From programming through to digital business expertise and onto management and collaboration capabilties, young IT professionals can hone a range of potential skillsets to help them get to the top.
But where should you focus your attention if you want to climb the tech career ladder? Five industry experts give us their opinions.
1. Show your team ethics
Danny Gonzalez, chief digital and innovation officer at London North Eastern Railway (LNER), says there's no getting away it – if you're doing to do a technical role, you're going to need the hard skills.
However, Gonzalez is also a great believer that it's the soft skills that help you get the important stuff done, especially as you start to take responsibility for programmes of work.
"You've got to bring people on the journey with you. People have got to feel passionate about what you're trying to achieve," he says.
"People have got to bring the right behaviours to teamworking. We can't get anything done in the company on our own – we rely on almost every other part of the business. If you're not bringing solid soft skills, then you're not really going to get very far at all because everyone comes together to make something happen."
2. Exploit your know-how
Stephen Booth, CIO at Coventry University, says anyone looking to work in IT will need to be technically proficient, but by far the most important skills are the right attitude and an ability to connect with people.
Booth says that focus on softer skills has become more critical because many of the traditional tasks undertaken by IT professionals are being accounted for by external providers. In-house staff that remain might have to deal with a shift in focus.
"The roles are changing," he says. "Yes, we still have pure coders and infrastructure engineers. But the cloud has led to huge change. What used to be a server engineer is now someone who manages a relationship with a supplier to provide a service."
That shift in roles and responsibilities means IT professionals who want to succeed must deal with a broad range of people with disparate demands. Booth says the most effective employees use their technical know-how to help the business solve its challenges.
"You've got to understand the tech, so that you can translate the requirements and the need. So, you still need that tech baseline. But more and more, we're looking for people who can engage and who can translate what people want into this thing that they're building."
3. Become an influencer
Bev White, CEO at recruiter Nash Squared, also says soft skills are crucial for professionals looking to climb the career ladder successfully, especially those who want to move into senior management positions.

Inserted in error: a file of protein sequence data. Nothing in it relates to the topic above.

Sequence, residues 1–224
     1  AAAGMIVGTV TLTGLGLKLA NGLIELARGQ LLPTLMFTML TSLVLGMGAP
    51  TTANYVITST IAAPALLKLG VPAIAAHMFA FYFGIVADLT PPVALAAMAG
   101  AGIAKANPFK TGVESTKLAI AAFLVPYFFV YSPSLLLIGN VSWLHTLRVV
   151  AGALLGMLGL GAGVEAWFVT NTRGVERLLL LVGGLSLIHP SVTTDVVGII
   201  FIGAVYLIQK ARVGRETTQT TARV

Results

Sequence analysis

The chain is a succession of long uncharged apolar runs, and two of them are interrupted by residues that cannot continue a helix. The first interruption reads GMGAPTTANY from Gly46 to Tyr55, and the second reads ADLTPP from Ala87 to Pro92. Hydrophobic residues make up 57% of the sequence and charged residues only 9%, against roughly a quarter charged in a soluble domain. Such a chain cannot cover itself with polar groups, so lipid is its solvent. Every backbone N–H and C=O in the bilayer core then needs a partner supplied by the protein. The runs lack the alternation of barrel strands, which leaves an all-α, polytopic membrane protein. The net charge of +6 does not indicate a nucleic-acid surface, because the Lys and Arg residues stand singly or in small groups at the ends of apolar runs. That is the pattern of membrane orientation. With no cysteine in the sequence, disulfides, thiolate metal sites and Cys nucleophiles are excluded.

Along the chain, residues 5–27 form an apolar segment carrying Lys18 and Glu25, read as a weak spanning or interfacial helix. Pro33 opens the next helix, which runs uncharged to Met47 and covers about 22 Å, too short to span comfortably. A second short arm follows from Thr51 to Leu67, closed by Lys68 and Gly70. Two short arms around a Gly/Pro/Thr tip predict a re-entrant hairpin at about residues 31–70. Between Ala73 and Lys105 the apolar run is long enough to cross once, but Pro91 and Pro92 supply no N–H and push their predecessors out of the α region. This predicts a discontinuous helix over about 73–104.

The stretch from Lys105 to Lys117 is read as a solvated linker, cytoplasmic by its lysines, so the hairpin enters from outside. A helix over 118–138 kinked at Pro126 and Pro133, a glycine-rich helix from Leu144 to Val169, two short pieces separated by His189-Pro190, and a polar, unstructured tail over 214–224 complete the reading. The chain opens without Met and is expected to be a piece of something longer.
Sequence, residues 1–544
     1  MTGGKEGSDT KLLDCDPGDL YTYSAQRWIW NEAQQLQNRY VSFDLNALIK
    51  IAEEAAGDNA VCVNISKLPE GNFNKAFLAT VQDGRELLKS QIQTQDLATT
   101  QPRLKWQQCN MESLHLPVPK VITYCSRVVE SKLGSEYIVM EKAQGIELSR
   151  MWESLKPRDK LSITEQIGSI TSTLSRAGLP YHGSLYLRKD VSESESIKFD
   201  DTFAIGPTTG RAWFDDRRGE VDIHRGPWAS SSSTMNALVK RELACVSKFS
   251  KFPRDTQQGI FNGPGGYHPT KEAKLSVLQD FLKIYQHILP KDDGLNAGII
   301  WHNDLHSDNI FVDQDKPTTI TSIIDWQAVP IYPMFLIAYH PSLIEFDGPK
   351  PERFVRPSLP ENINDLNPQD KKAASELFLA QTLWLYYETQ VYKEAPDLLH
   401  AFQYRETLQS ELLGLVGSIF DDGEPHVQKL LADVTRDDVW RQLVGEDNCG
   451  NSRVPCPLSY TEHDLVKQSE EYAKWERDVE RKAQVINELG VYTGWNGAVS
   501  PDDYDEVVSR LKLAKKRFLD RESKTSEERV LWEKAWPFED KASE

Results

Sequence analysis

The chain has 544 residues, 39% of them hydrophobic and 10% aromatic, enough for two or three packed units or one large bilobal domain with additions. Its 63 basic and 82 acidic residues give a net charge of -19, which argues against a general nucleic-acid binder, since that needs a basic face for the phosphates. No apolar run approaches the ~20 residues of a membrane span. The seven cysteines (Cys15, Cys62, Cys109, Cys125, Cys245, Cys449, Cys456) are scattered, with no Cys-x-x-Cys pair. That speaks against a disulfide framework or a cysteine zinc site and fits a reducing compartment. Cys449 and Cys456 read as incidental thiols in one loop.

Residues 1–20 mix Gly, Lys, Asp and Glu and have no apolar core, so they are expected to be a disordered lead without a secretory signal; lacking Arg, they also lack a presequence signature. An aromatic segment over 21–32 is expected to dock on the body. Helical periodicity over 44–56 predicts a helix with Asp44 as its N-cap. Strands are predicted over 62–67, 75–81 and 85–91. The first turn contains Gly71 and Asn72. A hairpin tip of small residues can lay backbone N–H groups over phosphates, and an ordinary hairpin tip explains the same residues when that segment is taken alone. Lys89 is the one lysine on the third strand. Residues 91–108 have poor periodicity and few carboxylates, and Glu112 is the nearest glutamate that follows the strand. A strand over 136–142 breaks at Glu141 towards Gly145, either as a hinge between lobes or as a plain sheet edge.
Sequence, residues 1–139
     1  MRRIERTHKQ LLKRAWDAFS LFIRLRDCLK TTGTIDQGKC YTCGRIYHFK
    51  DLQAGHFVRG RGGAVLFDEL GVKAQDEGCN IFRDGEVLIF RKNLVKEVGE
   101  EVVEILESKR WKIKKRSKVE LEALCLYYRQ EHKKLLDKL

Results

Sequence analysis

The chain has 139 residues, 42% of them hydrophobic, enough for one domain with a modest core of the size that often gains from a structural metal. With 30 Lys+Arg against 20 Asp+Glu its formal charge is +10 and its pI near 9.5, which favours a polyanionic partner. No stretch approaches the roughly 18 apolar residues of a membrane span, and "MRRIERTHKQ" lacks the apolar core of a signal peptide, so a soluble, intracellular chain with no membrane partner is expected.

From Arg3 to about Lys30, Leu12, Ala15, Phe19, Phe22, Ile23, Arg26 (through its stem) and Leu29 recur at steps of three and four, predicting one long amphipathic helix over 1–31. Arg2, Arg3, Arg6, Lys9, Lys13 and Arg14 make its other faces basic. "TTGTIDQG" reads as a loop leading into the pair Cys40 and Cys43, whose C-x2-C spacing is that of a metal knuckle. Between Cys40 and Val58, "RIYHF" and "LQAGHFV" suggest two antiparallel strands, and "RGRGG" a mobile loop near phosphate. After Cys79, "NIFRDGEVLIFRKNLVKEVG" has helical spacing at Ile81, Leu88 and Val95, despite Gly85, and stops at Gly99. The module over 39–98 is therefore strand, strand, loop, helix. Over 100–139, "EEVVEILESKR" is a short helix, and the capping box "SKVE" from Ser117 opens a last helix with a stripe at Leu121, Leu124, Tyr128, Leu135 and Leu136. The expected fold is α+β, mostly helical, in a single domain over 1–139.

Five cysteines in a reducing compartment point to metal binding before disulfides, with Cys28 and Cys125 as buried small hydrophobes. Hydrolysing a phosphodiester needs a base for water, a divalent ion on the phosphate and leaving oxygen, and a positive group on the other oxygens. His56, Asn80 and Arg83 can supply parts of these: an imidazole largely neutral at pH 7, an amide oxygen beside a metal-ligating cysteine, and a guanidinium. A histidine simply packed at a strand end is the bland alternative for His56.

"Being able to take people with you, being a good leader, and being able to motivate and encourage people is really key," she says.
Being a pure technical specialist "isn't going to cut it", adds White, because someone who's steered clear of honing their softer skills won't necessarily see the value of creating a strong culture within teams and the importance of developing a compelling mission for change.
What's more, the increased responsibility for elements of the technology stack by non-IT lines means business communication skills are critical for what remains of the core tech team.
"I think what we're seeing here is that the IT leadership role is becoming much broader," she says. "Senior professionals have to interact with a lot of people that are doing in business roles what might once have been seen as tech jobs. Digital experts come in all guises these days. So, soft skills are key because you've got to be a really good influencer."
4. Develop presentation skills
Daniel Smith, head of analytics at clothing brand PANGAIA, says IT professionals need an ability to present data and show the business the benefits of digital transformation projects.
"That's where we're seeing skill shortages – and that's in terms of packages as well as communications skills," he says. "Even getting familiar with something like Power BI can help. Once you start using one tool, it helps you get to grips with whatever tools you use."
Professionals with capabilities to present data should then hone their softer skills, particularly a confident communication style.
Smith gives an example from his work own work. He recently spent time with the internal impact team to try and help them with carbon-reporting requirements.
Having listened to their demands, Smith was able to define the technical work in a format the business could understand – and he says that's likely to be a big requirement for all IT professionals.
"The best description I could give to them was, 'This is a carbon balance sheet that looks no different to a financial balance sheet but is all about carbon.' And they said, 'Yes, finally, someone has explained it to us.' And so, for me, it's those soft skills. Because drawing that problem out of the business is where it gets painful at times."
5. Adopt the right behaviours
Mark Bramwell, CIO at Saïd Business School, University of Oxford, says that despite the general need for technical proficiency, his department always looks for key values from new recruits.
"Technical skills can be taught, but behavioural skills are very difficult to change," he says. "We always look for key things around our values, such as honesty, trust, respect, excellence, collaboration, entrepreneurship. If people can exhibit and demonstrate those skills, they're the sorts of people we would like in our organisation, and that I would like in my team."